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William Stanley Braithwaite, ed. The Book of Elizabethan Verse. 1907.

No Trust in Time

William Drummond of Hawthornden (1585–1649)

LOOK how the flower which lingeringly doth fade,

The morning’s darling late, the summer’s queen,

Spoiled of that juice which kept it fresh and green,

As high as it did raise, bows low the head:

Right so my life, contentments being dead,

Or in their contraries but only seen,

With swifter speed declines than erst it spread,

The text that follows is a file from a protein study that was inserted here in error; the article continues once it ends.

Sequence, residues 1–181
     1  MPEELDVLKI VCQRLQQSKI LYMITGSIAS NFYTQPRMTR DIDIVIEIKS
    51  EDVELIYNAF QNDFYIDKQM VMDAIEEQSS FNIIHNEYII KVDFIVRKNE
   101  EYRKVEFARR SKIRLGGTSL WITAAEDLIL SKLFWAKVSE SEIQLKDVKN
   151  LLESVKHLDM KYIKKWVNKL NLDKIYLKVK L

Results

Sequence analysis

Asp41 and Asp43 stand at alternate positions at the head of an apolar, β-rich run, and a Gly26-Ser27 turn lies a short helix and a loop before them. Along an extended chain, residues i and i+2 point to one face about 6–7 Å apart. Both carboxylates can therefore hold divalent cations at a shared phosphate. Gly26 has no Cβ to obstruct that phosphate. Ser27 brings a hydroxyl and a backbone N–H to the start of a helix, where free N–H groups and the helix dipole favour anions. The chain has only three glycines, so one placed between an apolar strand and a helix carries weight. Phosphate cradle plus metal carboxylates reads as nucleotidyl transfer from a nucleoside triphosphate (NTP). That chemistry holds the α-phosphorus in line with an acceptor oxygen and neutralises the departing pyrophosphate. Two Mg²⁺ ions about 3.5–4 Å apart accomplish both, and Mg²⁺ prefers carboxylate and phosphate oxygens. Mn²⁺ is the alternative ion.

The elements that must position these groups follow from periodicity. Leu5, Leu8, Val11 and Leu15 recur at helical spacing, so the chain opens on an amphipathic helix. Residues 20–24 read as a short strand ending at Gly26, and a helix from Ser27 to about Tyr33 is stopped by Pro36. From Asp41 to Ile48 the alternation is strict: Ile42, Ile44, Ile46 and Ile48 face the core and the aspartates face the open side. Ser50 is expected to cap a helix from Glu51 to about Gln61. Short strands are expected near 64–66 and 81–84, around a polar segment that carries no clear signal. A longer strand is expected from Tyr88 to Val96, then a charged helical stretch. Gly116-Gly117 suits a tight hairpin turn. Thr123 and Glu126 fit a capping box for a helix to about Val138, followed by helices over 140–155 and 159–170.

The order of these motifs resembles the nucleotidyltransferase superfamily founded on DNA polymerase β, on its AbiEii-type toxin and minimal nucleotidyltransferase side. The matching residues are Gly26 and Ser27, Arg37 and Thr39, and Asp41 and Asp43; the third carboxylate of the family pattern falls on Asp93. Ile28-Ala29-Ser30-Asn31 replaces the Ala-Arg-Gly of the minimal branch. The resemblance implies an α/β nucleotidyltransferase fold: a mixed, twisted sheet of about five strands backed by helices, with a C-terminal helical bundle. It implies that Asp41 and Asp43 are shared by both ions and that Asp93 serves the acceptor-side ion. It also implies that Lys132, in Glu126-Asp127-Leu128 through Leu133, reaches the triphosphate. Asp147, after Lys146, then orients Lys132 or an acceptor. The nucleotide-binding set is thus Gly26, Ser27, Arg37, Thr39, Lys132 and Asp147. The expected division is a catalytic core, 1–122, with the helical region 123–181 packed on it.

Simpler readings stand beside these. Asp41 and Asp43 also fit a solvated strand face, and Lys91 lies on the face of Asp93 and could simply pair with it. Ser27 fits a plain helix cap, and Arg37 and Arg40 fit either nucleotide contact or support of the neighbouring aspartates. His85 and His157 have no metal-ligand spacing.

And blasted, scarce now shows what it hath been.

As doth the pilgrim therefore, whom the night

By darkness would imprison on his way,

Think on thy home, my soul, and think aright

Of what yet rests thee of life’s wasting day!

Thy sun posts westward, passèd is thy morn,

And twice it is not given thee to be born.